Werewolf: The Apocalypse Earthblood PS5 Review

A Declawed Promise

I grew up playing plenty of pen and paper RPGs. Vampire: the Masquerade, Werewolf: The Apocalypse, D&D, Hero System, and plenty of others. This also opened the world of TCGs with Magic: the Gathering leading my group into playing Jyhad and Rage (the Werewolf TCG). The Hero System and Werewolf were my favorite pen and paper games and Rage was a premium and amazing card game.

My expectations were cautiously high when I heard about the release of Werewolf: The Apocalypse Earthblood. The video game version of Vampire: the Masquerade, called Bloodlines was incredible for its time and I hoped for more of the same here. What was delivered fell very short.


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A game like Werewolf should have a very strong story with deep lore. Decades of world building has created something unique in the universe and while things are mentioned in the game, it is never fully explored. Bad things happen, then you need to constantly harass “Bad Corporation A” as much as possible to defend nature and the tribe.

The story isn’t great but it doesn’t destroy the game. The delivery of the story, though, does. I felt a constant pull of PS3 design choices as I played through a chunk of the game. Voice acting was fine for some, good for others and… existed for the rest. There was no strong hook to the story and the delivery was done through robotic animations from the characters. It all felt very archaic and hinged on a one note story line. If you are looking at the title for a solid story, this isn’t going to deliver.


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Werewolf: The Apocalypse is a mixed bag. Character models and animations are stiff and a generation or two behind current norms. In combat and exploration, things are fast and smooth, but that is the only place. Granted the most important place for smooth animation is when you are actually playing, but it feels like two different games stuck together.

On PS5 the game looks far below the expectations set by other titles. FIFA 21 is no great upgrade that showcases next gen titles, but it looks significantly better in every aspect and feels much closer to a “next gen” title. Then look at games like Miles Morales or even the God of War upgrade patch and you start to see that this was never intended for the PS5.

Not a huge deal for a budget title, but at an asking price of $50 USD, I can’t call this budget. Just because Godfall released at $70 USD does not mean $50 USD is a budget price. That’s close to a full game price. I generally don’t throw pricing into the mix, but this title is obviously not meant to be triple-A but it is priced close to the expected price.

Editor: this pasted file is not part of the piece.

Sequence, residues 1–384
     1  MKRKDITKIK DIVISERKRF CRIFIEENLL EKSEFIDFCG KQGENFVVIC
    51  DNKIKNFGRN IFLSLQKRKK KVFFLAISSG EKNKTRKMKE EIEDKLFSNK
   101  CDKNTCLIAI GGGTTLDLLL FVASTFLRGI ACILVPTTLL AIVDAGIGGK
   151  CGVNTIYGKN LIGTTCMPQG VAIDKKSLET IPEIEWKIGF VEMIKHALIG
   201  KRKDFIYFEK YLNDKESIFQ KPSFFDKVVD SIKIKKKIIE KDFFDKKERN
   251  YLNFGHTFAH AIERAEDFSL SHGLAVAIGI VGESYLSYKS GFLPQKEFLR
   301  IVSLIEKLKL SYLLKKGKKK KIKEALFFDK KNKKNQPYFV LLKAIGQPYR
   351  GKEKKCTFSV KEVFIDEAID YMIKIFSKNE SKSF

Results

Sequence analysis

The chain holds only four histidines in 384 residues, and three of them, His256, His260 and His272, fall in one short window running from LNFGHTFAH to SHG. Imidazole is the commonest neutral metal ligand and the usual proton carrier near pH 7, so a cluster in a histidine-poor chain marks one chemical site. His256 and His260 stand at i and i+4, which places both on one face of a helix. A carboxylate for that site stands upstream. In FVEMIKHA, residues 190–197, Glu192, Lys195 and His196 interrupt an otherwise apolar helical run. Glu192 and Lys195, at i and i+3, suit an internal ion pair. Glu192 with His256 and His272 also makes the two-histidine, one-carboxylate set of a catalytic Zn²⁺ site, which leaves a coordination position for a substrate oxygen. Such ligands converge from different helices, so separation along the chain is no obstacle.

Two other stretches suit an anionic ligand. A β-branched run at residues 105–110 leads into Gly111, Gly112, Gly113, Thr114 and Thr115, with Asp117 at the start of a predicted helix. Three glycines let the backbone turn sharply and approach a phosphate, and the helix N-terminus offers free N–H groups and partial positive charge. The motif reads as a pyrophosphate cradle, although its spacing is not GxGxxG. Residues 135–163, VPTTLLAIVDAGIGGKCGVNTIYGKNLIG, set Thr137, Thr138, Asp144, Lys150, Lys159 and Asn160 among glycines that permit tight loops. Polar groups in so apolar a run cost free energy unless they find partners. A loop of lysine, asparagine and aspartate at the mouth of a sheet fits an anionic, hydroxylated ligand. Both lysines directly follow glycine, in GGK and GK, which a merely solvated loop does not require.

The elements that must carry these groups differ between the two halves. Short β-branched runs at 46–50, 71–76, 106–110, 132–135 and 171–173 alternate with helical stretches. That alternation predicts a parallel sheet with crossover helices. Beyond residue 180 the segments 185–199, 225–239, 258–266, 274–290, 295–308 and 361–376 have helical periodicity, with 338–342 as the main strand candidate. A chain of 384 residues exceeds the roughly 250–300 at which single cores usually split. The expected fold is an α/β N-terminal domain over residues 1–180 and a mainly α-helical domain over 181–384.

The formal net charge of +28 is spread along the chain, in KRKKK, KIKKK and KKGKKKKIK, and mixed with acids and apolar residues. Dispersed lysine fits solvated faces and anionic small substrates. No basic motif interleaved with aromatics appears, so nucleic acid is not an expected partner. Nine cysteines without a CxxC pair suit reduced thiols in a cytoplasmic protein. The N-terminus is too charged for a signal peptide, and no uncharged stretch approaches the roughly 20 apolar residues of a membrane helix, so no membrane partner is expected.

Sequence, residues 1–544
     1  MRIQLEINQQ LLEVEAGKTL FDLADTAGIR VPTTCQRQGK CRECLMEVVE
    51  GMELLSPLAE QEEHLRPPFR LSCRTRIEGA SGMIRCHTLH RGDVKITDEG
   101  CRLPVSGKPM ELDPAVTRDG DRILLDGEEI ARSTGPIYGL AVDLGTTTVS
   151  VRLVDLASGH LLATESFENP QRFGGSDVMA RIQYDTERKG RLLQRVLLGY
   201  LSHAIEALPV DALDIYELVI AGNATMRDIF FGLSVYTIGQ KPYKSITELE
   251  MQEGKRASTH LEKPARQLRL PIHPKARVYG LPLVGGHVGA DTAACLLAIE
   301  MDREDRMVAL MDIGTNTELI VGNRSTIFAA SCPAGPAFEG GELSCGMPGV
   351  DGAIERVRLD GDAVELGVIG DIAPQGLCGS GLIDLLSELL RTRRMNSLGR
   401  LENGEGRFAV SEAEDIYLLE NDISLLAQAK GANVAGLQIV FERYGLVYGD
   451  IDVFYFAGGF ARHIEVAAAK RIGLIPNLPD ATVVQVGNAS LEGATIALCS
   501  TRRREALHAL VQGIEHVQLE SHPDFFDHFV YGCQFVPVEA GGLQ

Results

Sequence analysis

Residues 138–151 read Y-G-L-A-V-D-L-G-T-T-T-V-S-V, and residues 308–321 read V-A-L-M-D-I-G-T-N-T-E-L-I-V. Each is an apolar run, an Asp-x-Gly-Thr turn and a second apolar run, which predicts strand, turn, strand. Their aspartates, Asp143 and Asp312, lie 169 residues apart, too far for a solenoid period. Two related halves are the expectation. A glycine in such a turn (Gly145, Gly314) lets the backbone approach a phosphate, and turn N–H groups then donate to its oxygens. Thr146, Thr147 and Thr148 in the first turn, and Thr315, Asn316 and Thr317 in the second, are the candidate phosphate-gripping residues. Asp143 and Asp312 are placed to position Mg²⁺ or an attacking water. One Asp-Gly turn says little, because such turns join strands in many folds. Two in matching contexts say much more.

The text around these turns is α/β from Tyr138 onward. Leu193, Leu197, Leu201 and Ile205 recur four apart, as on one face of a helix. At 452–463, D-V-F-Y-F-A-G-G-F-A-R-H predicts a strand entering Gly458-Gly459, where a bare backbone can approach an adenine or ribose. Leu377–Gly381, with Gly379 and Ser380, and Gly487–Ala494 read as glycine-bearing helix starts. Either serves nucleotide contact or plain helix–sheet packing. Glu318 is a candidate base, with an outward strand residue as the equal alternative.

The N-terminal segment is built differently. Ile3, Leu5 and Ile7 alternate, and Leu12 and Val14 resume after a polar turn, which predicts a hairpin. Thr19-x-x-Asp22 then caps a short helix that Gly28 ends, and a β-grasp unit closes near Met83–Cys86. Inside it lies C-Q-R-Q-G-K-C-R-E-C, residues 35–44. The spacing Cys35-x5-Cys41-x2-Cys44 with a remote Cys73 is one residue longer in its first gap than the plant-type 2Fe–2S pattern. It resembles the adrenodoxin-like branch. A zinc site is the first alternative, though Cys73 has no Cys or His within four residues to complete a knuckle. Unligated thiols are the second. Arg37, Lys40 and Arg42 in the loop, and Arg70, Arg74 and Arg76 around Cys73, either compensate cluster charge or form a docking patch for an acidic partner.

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This is where Werewolf: The Apocalypse really missed the mark for me. I do appreciate that there are three forms that can fill different roles in gameplay; Human, wolf and werewolf. As a wolf, you get to sneak and explore. As a human, you can converse and shoot people with a crossbow. As a werewolf, you slice and dice and make a bloody mess. Of the three, werewolf/crinos form is the most fun.

There is one of the problems though, there are more than three forms in the game. Homid (human), Glabro (humanish wolfish), Crinos (werewolf), Hispo (big bad wolf), and Lupus (wolf). This was key in making the pen and paper game compelling and while I understand the cutting of Glabro and Hispo forms are meant to streamline the title, I didn’t get into Werewolf: The Apocalypse for a streamlined game.

Another issue is character creation, or lack there of. This is a game that is much closer to an action RPG where you choose a character and fill out a skill tree. With games like Divinity, Cyberpunk 2077, and many others on the market that allow character customization at the start, this is a huge missed opportunity. You never feel connected to the main protagonist and the fact that he is rendered in much more detail than the rest of the characters adds to that disconnection.

Combat is fun enough though. Beating up guys in Crinos form is bloody and brutal. The rest is generic and fairly boring. You just go through the game, run to the required locations, fight some, and move on. There is a true lack of investment in the story or character which makes the game feel much more like a brawler than a true RPG.


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Ultimately, Werewolf: The Apocalypse seems to lack ambition. I know the team did their research and understand the Umbra and the world and all the intricacies of the system, they just did not implement them fully into the game.

After playing other titles that draw you into the world and make you care about your character(s) and the world, it is sorely missing from Werewolf. I hope this is the start of something bigger, but I do not expect this title to do well out in the wild so the future of the series is up in the air. More time with the game or more ambition could have fixed many of the issues, but as it stands, the game is a clawless shell of what it could have been.

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Chris has been playing around in the gaming industry for entirely too long. These days he is working on become an educator while also chasing his passion of helping up and coming writers and content creators make a name for themselves. He’s a talker, so careful if you value your time.

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